Within a week of starting on what we call "supercatnip" I could feel the tumors in my neck shrinking. Surgery was postponed for 3 months to let the drug work. My spirits sored and my hopes were high that this miracle drug would cure this thing that was growing inside me.
3 months later I had another ultra-sound biopsy done prior to surgery, and they could barely find any cancerous tissue to biopsy, as "supercatnip" had so destroyed. But the standard of care is still to remove the thyroid and cancerous lymph nodes. After an 8-hour operation (the neck is the most difficult place to operate as everything goes through there) I no longer had a thyroid, nor several lymph nodes. One day in the hospital and about 3 weeks of recovery from the surgery.
As someone who never took medications for anything other than temporary periods, I now have to take thyroid replacement and continue to take "supercatnip” and tend to pesky side-effects such as sun-sensitivity, cold-hands, and elevated blood pressure. Though the tumors were removed, I had distant metastasis to other parts of my body. This is the usual with this disease. It is usually found the way mine was - after it had metastasized. It currently is not a curable disease so we stay on drugs and hope that someday a cure will be found. As a rare disease there are only about 1000 cases diagnosed in the US each year. I am under good care at Johns Hopkins with Dr. Ball and continue to make visits and have scans and blood work to check whether there is any progression.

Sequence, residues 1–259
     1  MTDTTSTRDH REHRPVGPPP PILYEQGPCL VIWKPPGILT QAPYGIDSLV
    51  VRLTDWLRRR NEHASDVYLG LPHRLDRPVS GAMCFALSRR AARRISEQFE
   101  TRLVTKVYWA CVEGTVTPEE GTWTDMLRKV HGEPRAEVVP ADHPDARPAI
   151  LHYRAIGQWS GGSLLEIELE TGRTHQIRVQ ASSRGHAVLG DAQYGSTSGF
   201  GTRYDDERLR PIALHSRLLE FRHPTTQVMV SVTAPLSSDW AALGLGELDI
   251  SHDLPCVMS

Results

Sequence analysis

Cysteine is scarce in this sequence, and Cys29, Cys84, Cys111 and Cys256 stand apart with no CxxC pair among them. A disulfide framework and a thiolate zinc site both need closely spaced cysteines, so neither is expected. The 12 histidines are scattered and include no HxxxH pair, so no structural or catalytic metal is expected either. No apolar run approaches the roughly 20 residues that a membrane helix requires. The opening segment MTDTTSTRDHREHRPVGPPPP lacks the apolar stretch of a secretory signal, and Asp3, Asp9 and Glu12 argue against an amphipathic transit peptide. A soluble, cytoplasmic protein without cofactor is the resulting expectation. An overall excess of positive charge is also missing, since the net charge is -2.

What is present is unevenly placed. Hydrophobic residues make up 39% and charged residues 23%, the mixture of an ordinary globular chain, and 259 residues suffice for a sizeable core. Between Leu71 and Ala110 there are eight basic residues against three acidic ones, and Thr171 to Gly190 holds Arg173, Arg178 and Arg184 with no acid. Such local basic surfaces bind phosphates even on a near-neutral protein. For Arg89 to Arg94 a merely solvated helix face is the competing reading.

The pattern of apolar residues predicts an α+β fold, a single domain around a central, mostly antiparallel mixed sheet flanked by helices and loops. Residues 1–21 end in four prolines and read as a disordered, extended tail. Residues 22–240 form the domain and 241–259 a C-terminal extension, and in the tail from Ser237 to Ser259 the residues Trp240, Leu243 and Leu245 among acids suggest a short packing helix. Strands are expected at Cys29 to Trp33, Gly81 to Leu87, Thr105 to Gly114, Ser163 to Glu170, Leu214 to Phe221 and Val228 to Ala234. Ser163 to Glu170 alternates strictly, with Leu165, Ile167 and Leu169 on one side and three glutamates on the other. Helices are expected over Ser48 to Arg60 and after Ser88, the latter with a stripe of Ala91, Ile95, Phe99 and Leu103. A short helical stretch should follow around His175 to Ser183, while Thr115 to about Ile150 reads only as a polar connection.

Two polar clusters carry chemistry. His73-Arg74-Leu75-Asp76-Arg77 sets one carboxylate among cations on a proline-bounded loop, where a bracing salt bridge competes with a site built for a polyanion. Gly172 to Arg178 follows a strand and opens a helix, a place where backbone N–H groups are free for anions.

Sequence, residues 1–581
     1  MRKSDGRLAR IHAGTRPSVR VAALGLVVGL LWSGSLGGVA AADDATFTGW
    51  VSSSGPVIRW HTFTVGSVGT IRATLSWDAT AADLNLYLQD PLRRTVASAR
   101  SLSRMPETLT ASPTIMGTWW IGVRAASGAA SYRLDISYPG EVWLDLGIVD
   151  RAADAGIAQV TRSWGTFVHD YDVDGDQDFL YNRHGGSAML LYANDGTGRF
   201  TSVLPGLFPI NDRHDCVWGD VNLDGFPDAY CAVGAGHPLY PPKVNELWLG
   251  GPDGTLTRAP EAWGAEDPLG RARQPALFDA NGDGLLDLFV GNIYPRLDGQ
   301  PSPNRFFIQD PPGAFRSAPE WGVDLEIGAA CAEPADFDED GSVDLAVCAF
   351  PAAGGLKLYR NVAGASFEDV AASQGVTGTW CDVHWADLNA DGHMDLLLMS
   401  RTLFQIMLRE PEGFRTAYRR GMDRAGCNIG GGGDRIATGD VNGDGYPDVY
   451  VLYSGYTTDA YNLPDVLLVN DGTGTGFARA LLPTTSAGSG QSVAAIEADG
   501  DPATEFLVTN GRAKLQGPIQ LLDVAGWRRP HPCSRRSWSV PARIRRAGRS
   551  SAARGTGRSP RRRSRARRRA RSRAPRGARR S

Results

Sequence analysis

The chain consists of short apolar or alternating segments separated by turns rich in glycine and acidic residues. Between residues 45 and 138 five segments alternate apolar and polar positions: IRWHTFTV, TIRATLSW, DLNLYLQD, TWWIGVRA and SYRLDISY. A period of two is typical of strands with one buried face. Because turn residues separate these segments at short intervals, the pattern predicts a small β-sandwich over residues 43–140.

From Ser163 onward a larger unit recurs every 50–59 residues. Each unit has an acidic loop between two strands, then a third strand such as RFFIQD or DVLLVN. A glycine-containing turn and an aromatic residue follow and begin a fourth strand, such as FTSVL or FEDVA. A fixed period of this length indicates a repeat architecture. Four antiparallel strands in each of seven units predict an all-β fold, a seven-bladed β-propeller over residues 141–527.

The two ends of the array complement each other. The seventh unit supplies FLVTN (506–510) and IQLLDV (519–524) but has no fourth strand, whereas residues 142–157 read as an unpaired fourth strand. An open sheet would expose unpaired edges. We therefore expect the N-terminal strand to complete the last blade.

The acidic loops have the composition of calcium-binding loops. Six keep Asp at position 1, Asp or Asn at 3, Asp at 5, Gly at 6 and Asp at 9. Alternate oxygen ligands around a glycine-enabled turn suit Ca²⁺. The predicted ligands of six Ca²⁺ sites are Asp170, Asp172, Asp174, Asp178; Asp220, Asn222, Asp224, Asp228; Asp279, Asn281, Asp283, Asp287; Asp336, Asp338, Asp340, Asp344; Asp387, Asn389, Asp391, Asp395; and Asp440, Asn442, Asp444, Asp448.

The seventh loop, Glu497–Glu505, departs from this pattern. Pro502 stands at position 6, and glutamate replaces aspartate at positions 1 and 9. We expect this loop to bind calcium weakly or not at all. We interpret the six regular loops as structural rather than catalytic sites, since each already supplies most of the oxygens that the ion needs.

But wait - there's more. One year out from the thyroid surgery and I was diagnosed with endometroid carcinoma. A full hysterectomy is the cure for this, and I had done in May 2022. Thankfully the surgery does "cure" this type of cancer and all looks good for now, even if I do have a lingering worry of what may be next. My 72nd birthday is in November, and I am hoping for many more.
This is my new normal. My world has changed and every day I wake up is a blessing. I now look at the world differently - family, friends, and travel. I will still travel for as long and as much as I can. In fact, we have traveled a lot over the past three years of the pandemic. We have now covered a lot of the United States in our trailer and ventured to Hawaii for a 40th anniversary trip. We added Sweden this summer bringing our country total to 70 and even just finished a bicycle trip from Washington DC to Pittsburgh on the Allegany trail, some 311 miles. And I am planning the next trip now, hoping that we can go to the Caribbean this November and then back to Europe in the spring.
In Sweden we ran across a plaque in one of those tourist stores selling silly little items. But the plaque had a profound statement that we are now living every day. "ENJOY LIFE - there's plenty of time to be dead." I plan to stay alive and thriving as long as I can. Se la Vie!